Erbium-Doped Fiber Amplifier Displays Low Noise
Most fiber optic systems operate in the 1530- to 1565-nm C-band because the gain of erbium-doped fiber amplifiers peaks in this spectral region. But as the demand for bandwidth grows, many telecom engineers look covetously at the 1565- to 1625-nm L-band for expansion possibilities. Unfortunately, the gain of these amplifiers is much lower in that region.
One technique that has produced positive results is to double-pass the erbium-doped amplifier: Reflect the signal back through the device a second time, effectively doubling its length. However, a problem with erbium-doped fiber amplifiers -- in the C- or L-band -- is the noise they add to the signal. Amplified spontaneous emission is unavoidable over the long lengths of fiber in the amplifier.
Figure 1. Researchers at the University of Malaya have developed an erbium-doped fiber amplifier for the L-band that displays improved noise characteristics. Here, Nizam Tamchek measures the amplifier's parameters.
Because the first few meters of amplifier that an incoming pulse passes through are also the last few meters for an outgoing, amplified pulse, double-passing the erbium-doped fiber amplifier significantly worsens the problem. The powerful outgoing pulse saturates the gain so that the incoming pulse experiences dramatically less gain than it would experience in a single-pass amplifier. Thus, the incoming pulse, when it exits those first few meters of the double-pass amplifier, has a much lower signal-to-noise than it would have in the single-pass amplifier. Moreover, that noisy pulse is amplified through the rest of the amplifier, so that when it finally emerges, its noise figure is decidedly poorer than the noise figure of a pulse emerging from a single-pass amplifier.
Now, a research group at the University of Malaya in Kuala Lumpur, Malaysia, has demonstrated a solution to this problem. The team placed a few meters of single-pass, L-band erbium-doped fiber in front of the double-pass fiber (Figure 2). Because the first few meters of the fiber are shielded from the high-power output pulse, their gain is not saturated, and the pulse emerging from that fiber has a good noise figure.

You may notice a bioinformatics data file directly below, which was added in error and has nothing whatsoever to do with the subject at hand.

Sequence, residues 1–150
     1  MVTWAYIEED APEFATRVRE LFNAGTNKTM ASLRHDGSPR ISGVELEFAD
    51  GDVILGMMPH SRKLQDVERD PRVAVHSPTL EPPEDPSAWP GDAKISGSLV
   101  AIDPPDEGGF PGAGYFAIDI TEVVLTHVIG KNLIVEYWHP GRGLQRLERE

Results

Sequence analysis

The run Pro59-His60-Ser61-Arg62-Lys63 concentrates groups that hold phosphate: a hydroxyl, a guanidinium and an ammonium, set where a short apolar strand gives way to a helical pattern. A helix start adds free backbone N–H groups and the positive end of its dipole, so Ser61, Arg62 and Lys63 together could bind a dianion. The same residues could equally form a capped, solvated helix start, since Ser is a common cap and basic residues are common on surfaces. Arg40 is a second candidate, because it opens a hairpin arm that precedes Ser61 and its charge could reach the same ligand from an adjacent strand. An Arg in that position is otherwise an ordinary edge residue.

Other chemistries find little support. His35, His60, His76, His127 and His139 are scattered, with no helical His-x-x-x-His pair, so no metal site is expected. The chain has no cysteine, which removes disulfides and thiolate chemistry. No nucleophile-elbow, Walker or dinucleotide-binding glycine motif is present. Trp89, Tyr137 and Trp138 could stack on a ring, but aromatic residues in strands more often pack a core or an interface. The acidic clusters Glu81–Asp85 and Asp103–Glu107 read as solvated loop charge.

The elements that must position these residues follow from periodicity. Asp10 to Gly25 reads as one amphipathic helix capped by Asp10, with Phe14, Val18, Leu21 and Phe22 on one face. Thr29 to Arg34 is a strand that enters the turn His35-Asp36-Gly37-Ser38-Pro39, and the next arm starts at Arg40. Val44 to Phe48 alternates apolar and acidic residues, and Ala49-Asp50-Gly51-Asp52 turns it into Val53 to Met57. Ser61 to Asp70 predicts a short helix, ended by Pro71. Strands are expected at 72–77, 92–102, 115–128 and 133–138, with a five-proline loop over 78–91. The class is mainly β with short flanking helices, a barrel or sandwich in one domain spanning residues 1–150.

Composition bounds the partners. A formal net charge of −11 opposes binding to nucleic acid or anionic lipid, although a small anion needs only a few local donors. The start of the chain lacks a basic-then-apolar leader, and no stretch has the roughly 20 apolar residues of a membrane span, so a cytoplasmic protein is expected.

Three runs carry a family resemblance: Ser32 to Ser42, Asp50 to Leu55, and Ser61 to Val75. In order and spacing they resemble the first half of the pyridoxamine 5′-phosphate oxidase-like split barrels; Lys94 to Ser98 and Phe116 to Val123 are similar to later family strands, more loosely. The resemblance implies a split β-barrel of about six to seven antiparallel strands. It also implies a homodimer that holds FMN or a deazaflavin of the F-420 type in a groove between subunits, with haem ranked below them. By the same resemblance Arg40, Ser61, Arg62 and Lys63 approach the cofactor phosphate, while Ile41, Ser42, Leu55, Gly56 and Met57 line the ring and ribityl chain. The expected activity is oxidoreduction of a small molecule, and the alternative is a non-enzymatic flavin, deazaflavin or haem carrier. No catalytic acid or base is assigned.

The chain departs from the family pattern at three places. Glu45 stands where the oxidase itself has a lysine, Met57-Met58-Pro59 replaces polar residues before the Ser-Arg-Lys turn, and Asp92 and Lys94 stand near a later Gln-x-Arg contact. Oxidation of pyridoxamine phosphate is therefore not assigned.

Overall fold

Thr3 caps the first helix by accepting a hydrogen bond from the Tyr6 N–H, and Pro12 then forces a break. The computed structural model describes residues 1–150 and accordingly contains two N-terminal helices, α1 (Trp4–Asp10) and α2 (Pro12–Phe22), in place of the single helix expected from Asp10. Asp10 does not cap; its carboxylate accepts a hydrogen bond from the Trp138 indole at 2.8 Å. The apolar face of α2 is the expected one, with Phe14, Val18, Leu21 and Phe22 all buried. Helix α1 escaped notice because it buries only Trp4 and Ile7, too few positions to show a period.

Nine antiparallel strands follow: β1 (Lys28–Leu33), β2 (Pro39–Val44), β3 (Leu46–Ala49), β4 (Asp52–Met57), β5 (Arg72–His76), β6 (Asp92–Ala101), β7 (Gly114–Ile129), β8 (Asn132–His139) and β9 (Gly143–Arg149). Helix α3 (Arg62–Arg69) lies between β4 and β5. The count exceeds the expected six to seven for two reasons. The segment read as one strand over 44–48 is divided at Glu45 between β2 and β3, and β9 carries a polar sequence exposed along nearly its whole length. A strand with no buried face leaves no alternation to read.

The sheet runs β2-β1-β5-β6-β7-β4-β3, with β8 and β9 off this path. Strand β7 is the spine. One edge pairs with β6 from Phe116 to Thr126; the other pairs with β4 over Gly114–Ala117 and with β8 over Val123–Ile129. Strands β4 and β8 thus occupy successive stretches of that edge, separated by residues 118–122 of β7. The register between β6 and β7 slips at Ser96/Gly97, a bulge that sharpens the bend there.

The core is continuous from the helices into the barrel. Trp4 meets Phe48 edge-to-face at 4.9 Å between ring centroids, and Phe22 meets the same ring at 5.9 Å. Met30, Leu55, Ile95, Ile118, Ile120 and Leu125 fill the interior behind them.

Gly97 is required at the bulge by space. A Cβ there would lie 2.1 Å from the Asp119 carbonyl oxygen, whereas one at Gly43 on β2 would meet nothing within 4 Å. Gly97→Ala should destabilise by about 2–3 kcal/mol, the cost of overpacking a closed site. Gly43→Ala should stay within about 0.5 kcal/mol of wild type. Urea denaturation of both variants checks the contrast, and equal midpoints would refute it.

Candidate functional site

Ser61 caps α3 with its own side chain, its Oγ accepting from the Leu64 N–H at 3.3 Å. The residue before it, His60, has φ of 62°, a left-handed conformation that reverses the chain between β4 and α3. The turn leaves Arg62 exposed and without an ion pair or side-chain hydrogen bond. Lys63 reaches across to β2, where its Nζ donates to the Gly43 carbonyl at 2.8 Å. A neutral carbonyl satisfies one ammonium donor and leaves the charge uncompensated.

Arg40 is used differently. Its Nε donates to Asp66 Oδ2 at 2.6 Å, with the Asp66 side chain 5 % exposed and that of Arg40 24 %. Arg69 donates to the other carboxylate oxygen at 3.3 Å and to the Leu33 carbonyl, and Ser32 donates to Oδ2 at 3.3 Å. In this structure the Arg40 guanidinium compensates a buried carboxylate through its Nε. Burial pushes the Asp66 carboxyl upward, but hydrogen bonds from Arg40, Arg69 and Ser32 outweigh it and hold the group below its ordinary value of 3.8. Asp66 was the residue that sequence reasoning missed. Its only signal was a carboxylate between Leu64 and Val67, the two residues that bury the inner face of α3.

Figure 2. The amplifier stages at center and right are double-pass erbium-doped fiber. The 4-m fiber in the stage on the left is single-pass, so the amplified pulse does not saturate the gain.
Experimentally, the researchers used 4 m of fiber in the single-pass portion and 50 m in each of the double-pass stages. An optical circulator coupled radiation from the single-pass portion into the double-pass stages, and then coupled the returning, high-power pulse out of the erbium-doped fiber amplifier. Another optical circulator, its first and third ports connected with a short length of fiber, served as a mirror to reflect the signal into the setup for the second pass.
The researchers compared three cases: a single-pass erbium-doped fiber amplifier, a conventional double-pass amplifier and the modified double-pass configuration shown in the figure. For small input signals (lower than <–15 dBm), they found that both double-pass configurations had much greater gain than the single-pass one, but that the modified double-pass configuration exhibited a much better noise figure. The advantage of the modified configuration diminished, however, as the input power approached 0 dBm.
They also compared the three cases across the spectral region from 1560 to 1610 nm (most of the L-band) and observed superior performance of the modified double-pass configuration with respect to the conventional double-pass one.
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